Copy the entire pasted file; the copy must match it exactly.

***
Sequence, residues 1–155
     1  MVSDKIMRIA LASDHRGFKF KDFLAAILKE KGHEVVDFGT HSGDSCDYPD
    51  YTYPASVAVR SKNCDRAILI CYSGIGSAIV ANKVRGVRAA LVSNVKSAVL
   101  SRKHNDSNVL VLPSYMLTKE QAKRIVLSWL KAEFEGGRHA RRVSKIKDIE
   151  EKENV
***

Sequence, residues 1–155
     1  MVSDKIMRIA LASDHRGFKF KDFLAAILKE KGHEVVDFGT HSGDSCDYPD
    51  YTYPASVAVR SKNCDRAILI CYSGIGSAIV ANKVRGVRAA LVSNVKSAVL
   101  SRKHNDSNVL VLPSYMLTKE QAKRIVLSWL KAEFEGGRHA RRVSKIKDIE
   151  EKENV